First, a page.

WithYou, Austin Grossman offers his most daring and most personal novel yet--a
thrilling, hilarious, authentic portrait of the world of professional
game makers; and the story of how learning to play can save your life.
I wanted to write the Great American
Video Game Novel.
I wanted to write about my time in the
game industry in the 1990's, and all the exciting things that were happening
there as we competed to invent this thing that was just turning the corner from
toy to mass media to art. And I wanted to tell the story of four kids who would
do anything to escape their stupid lives, but instead of starting a death-metal
band or writing poetry or taking drugs, they decide to make the greatest video
game in history.
But there was a problem, a novel-writing
problem: Who cares about video games? Technically, I and countless millions of
other people do, but to a novelist trying to tell a good story there's a
haunting question: Is this just going to be a novel about people staring at
I knew the obvious way past this. You
just say "There's a video game with a bomb attached to it! And unless our
hero gets a perfect score, it's going to blow up, and all - all! - the orphans
will die." And that's one way to tell that story - you make video games a
mechanism for a plot based on sensible, familiar real-world stakes.
But something in me said "no"
to writing that novel. It was the nagging feeling I was underestimating the
possibilities of a novel about video games. Making it about the bomb and the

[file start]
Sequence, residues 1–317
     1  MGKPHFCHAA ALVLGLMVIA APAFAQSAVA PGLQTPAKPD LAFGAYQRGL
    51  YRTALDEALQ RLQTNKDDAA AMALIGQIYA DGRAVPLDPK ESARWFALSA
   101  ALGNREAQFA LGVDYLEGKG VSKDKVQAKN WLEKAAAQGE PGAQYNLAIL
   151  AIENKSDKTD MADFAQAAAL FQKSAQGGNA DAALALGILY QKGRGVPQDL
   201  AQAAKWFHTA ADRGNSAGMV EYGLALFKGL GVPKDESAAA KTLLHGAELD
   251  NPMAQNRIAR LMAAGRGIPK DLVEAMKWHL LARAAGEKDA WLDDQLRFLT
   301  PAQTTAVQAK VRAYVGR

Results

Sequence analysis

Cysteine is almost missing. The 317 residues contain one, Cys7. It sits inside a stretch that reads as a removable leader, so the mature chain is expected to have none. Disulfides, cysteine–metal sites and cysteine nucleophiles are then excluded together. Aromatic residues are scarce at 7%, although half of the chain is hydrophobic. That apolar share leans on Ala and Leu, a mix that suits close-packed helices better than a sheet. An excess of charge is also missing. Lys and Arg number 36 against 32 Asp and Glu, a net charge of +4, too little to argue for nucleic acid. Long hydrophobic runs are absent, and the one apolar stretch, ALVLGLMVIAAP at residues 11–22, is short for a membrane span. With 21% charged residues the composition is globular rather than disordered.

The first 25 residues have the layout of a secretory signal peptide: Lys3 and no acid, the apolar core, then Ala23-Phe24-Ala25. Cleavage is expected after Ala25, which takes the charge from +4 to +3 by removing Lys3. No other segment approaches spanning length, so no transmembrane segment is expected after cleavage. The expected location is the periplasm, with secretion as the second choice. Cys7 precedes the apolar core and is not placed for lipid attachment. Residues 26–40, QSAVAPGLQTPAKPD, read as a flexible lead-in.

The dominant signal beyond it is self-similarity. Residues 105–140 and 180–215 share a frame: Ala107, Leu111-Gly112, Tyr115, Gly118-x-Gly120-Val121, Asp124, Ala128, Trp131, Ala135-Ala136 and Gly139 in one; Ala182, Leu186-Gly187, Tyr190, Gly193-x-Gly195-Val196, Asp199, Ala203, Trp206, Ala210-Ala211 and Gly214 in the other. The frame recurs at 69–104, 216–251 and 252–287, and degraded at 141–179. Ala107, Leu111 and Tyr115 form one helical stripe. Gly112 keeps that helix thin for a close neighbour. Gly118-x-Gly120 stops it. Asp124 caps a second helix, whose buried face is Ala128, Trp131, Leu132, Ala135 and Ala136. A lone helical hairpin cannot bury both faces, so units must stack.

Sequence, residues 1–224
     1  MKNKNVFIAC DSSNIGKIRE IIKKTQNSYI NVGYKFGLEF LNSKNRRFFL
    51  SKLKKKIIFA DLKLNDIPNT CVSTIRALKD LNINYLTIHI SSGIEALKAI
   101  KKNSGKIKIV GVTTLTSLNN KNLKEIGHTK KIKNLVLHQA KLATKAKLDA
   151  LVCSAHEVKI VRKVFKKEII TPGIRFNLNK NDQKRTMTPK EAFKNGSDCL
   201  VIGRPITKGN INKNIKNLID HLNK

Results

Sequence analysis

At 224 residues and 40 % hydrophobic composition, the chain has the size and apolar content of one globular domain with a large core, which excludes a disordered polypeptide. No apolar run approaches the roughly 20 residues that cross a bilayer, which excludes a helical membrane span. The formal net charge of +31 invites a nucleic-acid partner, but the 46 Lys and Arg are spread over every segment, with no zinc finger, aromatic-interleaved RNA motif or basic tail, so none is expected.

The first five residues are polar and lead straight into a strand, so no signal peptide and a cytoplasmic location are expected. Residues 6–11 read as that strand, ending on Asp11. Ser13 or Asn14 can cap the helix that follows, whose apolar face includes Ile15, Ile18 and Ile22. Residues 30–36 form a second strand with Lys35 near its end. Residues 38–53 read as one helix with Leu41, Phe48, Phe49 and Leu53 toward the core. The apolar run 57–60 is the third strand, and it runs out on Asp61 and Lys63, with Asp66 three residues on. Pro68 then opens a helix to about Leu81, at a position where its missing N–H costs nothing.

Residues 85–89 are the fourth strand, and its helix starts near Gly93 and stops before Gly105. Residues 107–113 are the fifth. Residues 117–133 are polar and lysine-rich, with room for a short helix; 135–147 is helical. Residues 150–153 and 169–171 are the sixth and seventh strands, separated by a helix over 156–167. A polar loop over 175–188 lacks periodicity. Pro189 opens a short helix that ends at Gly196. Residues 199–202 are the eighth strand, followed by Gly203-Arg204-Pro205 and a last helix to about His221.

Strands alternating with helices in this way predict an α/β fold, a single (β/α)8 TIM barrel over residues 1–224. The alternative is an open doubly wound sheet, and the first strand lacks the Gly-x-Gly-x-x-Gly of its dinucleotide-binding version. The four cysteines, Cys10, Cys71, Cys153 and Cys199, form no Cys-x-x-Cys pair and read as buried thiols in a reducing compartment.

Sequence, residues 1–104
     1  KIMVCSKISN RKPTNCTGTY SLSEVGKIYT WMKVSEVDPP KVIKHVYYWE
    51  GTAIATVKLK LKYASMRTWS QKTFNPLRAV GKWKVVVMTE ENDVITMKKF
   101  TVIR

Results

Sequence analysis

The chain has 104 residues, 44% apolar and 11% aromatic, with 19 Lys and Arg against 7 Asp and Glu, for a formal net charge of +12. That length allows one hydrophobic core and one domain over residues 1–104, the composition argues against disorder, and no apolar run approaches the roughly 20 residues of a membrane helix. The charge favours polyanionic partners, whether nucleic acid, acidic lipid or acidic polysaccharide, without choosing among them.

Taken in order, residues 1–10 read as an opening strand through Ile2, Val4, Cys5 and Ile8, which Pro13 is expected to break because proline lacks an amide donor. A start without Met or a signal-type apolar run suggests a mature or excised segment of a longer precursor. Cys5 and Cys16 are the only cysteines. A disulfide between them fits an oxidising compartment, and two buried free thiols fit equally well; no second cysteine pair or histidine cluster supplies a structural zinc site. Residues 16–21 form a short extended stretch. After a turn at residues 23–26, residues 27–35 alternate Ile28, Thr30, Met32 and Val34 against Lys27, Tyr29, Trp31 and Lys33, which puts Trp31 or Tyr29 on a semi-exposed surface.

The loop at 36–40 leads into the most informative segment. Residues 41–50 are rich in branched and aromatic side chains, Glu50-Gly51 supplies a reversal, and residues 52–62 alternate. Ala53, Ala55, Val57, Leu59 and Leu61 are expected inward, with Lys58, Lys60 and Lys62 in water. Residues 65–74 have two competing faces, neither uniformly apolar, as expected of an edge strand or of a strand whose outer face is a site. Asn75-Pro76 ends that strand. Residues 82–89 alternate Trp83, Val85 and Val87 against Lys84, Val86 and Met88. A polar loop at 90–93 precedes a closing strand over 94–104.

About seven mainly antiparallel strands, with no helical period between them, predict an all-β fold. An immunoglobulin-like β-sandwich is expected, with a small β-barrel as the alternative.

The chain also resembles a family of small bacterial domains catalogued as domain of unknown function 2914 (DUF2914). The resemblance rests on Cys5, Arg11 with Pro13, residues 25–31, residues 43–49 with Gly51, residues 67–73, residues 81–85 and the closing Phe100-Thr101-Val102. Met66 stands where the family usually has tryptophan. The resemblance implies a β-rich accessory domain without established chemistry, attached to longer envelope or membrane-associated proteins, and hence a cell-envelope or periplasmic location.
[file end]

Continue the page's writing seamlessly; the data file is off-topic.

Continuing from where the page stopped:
orphans was like saying video games don't matter. And people do sometimes play
video games even when there aren't innocent lives at stake, don't they? There
has to be a way of writing about them that showed why video games are the
entertainment medium to beat in the 21st century.
I thought about why I make and play games,
and I tried to be honest about it. Sometimes I want to goof around with my
friends. Sometimes it's been a long, crappy day and I want to feel like I'm
somewhere else for a while, doing something else, being someone else - in fact
the way a novel makes me feel.
I first came to video games because they
were a way of making friends, and a way of leaving my house and my town, of
striking out on my own to a place where parents and teachers couldn't follow,
long before I could drive a car. Then as now, I came to games for lots of
reasons. I came them angry, I came to them lonely, I came to them curious about
who I could be if I tried.
People come to gaming from their own
individual histories, and it was putting gameplay into prose that taught me
that everyone's got a reason to play a video game, and how they do it speaks
volumes. And then I wasn't just writing a novel about video games. I was
writing about friendship, about ambition, about grief, about everything the
hero of a video game feels - you know the hero I'm talking about, the one at
the controller making the choices, taking the risks, losing and winning. The
hero, which is to say, you.